Check out the companies making headlines before the bell:
J.P. Morgan Chase The bank reported quarterly profit of $2.37 per share, beating the consensus estimate of $2.28. Revenue also beat forecasts, and CEO Jamie Dimon said J.P. Morgan’s business were doing well “across the board”.
Qualcomm Former chairman Paul Jacobs is talking to investors about a bid to take the chipmaker private, according to people familiar with the plan who spoke to CNBC.
Broadcom Broadcom announced a $12 billion stock buyback program. The chipmaker’s new repurchase program goes into effect immediately and will last until the end of fiscal 2019.
Netflix Deutsche Bank upgraded Netflix to “buy” from “hold,” saying the video streaming service has a significant competitive advantage that gives it a greater ability to drive revenue and cash flow growth.
Zillow Zillow gave stronger-than-expected revenue guidance for its first quarter. The real estate website operator also announced it is getting into the business of buying and flipping homes, beginning in Las Vegas and Phoenix.
Starbucks Cowen downgraded the coffee chain’s stock to “market perform” from “outperform,” based on waning optimism on a rebound in comparable store sales due to increasing competition.
Volkswagen Volkswagen’s new CEO Herbert Diess won the backing of the automaker’s labor leader Bernd Osterloh, who said that with Diess the “right man is on board”. Former CEO Matthias Mueller was ousted Thursday in a management shakeup.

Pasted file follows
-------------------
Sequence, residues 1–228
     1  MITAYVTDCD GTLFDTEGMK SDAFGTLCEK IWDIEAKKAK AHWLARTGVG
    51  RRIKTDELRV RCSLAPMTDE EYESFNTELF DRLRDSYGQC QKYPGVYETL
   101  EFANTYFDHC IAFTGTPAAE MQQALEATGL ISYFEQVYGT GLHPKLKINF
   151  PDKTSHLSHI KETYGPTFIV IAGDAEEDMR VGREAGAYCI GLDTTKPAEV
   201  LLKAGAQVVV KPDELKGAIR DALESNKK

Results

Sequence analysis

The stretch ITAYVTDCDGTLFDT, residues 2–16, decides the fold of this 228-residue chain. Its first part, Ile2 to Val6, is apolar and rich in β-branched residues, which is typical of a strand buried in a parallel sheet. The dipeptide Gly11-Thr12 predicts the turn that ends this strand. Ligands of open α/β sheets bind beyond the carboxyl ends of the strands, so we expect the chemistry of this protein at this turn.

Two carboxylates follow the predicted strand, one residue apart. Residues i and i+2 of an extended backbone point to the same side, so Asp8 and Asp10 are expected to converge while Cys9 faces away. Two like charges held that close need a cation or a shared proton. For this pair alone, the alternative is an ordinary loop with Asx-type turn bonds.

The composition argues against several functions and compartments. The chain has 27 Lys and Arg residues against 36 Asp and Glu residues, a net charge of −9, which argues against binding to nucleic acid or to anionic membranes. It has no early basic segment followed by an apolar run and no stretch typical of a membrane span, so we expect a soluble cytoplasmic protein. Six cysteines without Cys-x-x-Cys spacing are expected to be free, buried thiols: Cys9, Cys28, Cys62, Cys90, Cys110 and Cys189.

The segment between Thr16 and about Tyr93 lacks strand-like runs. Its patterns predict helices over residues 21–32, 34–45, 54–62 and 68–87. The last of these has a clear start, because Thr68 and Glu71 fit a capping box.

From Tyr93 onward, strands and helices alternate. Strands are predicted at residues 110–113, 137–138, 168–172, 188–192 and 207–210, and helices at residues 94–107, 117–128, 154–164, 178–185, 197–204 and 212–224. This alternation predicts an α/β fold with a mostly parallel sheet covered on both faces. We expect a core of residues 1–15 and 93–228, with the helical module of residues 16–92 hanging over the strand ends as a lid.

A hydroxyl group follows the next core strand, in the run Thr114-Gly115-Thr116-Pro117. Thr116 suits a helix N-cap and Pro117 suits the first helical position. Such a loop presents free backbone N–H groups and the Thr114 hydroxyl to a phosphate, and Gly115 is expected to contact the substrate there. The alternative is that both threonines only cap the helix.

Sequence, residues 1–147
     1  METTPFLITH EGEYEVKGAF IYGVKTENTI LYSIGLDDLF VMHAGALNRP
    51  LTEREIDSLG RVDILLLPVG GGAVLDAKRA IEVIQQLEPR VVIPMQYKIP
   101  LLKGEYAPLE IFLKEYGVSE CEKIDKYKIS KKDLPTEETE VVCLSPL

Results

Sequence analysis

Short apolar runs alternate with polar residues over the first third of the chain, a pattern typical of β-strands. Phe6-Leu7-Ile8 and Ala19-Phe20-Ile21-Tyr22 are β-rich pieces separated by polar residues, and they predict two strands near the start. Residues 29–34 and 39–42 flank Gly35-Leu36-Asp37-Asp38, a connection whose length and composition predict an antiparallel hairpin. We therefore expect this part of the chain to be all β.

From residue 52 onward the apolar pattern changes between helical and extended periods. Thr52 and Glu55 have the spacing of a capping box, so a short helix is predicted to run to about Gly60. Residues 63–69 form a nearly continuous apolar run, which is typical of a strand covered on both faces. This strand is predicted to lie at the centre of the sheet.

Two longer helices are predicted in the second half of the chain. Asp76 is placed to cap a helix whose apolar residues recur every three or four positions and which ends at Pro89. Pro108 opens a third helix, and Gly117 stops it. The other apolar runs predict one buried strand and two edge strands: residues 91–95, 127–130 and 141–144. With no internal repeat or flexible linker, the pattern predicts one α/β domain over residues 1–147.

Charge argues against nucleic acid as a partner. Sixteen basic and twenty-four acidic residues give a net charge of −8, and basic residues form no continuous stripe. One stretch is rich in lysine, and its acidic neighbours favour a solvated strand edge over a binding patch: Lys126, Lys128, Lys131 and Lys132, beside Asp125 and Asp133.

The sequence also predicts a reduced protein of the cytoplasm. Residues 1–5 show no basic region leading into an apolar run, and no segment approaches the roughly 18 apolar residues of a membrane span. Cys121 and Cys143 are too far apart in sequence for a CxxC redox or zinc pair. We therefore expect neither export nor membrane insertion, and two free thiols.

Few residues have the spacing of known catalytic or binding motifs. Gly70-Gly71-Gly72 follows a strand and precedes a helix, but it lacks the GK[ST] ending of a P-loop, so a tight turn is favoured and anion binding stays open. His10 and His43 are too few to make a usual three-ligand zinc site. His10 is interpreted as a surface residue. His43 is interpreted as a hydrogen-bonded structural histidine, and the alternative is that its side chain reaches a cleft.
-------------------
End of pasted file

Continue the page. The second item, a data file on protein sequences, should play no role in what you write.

General Motors GM’s South Korean unit said it lost $1.1 billion in 2017, its fourth straight yearly loss. GM has said it will shut the unit down if it cannot sufficiently cut costs.
Spotify The music streaming service is buying Loudr.fm, a provider of licensing technology which will help it locate songwriters and pay them proper royalties.
Rite Aid Rite Aid’s deal to be combined with supermarket operator Albertsons is running into resistance from shareholders, according to the Wall Street Journal. One of the drug store chain’s biggest investors plans to cast a vote against the deal because it doesn’t give shareholders a big enough share of the new combined company.
Tronc The media company is drawing possible buyout interest from private equity firm Apollo Global Management (APO), according to the New York Post. Tronc is in the process of finalizing a deal to sell the Los Angeles Times and San Diego Union-Tribune to entrepreneur Patrick Soon-Shiong.
Hostess Brands The Twinkies maker named former Tyson Foods executive Andrew Callahan as its chief executive officer, effective April 7. Executive Chairman C. Dean Metropoulos had been serving as interim CEO since the retirement of CEO Bill Toler on March 31.
Dropbox Dropbox was rated “reduce” in new coverage at Nomura/Instinet. The firm said that although Dropbox has established itself as a major player in the backup and storage market, its rate of converting users to paid subscribers is extremely low.
Eli Lilly Lilly was upgraded to “market perform” from “underperform” at BMO Capital, which said prior concerns about various Lilly drugs now seem largely reflected in the stock’s price. However, it believes 2018 will continue to be a volatile year for the drug maker.
SeaWorld Entertainment SeaWorld received an SEC notice that it could be sanctioned for possible violation of securities laws. The SEC and the Justice Department have been looking into disclosures and public statements from the theme park operator about the impact of the “Blackfish” documentary, which was critical of SeaWorld and its treatment of orca whales.